Wondering what our previous winners are up to these days? We caught up with them recently to hear about their successes, challenges, and fresh ambitions.
Spero Analytics won the 2018 Social Innovation Challenge with a technology that could measure and record soil moisture data on farms. The idea was tested in Nepal, and the original business model was to sell the soil moisture data directly to farmers to help them make better irrigation decisions. Farmers, though, while they loved the idea, were a hard sell—most weren’t able to justify the extra expense, and there were problems with the technology, which relied on weak Nepalese radio frequencies. Spero realized that there were other agricultural organizations would pay for the data and are now focused on improving their technology and selling data to those.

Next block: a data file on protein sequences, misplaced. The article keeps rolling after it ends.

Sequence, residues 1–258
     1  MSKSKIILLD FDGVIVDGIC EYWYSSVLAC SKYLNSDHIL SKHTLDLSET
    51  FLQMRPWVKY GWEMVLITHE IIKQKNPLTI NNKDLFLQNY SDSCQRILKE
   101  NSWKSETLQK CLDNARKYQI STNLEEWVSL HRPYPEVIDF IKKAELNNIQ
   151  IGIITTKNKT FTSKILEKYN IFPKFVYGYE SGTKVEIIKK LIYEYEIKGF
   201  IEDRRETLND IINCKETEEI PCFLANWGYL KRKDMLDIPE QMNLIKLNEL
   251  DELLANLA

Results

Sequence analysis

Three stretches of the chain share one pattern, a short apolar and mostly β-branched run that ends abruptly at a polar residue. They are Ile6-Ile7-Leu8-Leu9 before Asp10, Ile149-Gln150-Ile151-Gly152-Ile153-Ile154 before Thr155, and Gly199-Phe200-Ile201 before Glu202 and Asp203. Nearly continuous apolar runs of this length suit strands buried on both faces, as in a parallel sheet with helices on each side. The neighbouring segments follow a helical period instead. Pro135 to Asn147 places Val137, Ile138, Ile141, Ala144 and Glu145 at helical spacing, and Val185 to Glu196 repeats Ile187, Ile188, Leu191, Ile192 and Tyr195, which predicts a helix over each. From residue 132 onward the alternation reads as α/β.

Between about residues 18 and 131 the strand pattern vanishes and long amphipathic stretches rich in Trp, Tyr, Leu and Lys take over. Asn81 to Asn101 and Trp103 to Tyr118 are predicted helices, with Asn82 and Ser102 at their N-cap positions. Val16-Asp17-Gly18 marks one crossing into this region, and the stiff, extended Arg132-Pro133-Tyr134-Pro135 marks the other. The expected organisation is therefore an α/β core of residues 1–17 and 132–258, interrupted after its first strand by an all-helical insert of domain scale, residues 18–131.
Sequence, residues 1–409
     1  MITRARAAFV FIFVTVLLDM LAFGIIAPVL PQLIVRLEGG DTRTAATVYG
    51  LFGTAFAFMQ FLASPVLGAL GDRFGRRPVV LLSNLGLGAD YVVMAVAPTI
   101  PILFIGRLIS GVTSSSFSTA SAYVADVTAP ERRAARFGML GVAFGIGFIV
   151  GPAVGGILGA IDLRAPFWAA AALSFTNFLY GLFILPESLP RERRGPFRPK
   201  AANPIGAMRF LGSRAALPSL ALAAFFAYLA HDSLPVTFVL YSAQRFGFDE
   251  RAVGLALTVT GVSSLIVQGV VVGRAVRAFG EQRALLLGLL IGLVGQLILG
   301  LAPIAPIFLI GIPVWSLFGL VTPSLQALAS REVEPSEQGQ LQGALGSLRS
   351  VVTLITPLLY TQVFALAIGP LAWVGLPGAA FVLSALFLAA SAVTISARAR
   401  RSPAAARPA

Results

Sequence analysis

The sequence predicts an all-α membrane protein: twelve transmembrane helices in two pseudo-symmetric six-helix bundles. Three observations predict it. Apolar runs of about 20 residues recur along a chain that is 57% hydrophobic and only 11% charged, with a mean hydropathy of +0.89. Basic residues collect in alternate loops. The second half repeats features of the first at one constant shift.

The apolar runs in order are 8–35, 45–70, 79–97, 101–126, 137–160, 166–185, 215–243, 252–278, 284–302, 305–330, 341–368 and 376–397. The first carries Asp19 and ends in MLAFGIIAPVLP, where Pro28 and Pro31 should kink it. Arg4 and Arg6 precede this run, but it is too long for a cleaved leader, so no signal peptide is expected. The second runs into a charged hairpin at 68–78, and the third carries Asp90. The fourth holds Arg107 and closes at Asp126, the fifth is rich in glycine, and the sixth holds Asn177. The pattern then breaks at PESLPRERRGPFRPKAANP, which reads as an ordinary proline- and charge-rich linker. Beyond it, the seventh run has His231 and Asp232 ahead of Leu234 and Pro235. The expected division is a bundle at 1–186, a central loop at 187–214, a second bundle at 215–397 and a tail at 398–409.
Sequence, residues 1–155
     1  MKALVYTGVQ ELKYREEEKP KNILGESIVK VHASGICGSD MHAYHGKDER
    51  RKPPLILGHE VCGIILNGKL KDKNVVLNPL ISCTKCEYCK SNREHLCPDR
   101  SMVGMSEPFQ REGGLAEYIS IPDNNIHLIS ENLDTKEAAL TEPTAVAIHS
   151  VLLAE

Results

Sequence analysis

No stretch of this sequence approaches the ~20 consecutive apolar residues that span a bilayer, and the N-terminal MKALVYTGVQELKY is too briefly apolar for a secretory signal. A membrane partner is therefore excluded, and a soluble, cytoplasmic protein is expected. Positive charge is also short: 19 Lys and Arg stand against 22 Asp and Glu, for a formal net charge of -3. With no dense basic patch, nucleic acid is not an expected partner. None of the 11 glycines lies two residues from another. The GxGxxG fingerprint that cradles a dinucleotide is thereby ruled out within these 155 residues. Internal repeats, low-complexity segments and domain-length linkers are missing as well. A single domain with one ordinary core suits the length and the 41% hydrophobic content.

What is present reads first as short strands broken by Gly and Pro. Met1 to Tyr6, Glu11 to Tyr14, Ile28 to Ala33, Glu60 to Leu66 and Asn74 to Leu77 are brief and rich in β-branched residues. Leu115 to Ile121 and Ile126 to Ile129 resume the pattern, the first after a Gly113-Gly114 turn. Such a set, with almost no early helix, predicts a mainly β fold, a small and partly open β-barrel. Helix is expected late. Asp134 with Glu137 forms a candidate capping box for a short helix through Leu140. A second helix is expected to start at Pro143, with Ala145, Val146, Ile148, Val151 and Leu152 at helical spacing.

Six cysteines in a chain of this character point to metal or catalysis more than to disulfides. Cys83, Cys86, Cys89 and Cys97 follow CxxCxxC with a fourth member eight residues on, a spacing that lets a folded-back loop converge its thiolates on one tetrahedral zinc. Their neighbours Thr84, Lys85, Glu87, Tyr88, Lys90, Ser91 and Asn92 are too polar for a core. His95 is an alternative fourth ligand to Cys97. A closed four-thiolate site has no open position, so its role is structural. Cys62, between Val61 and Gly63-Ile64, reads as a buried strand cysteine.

EmpowerEQ, the 2017 people’s choice winner of the Social Innovation Challenge, creates electric generators that attach onto everyday items used in rural parts of sub-Saharan Africa, like wheelbarrows, carts, bikes, and water-collection devices. Now, EmpowerEQ is spending more time in the field, particularly in Malawi. Observing the applications of its generators in real-life conditions has put EmpowerEQ on a path of tweaking its product design and business model to fit the local context.
In 2017, Lumbrick won the Social Innovation Challenge with an idea to turn corn waste into bricks that could be burned for cooking fuel. The team kept the project going for two years, visiting Cameroon and Kenya, improving the machine, working on the business model, and entering other accelerator competitions. In September 2018, the team members chose to pursue their own projects; one team member is pursuing graduate study in international relations, another is at a tech startup in Paris, and a third is working in Dubai.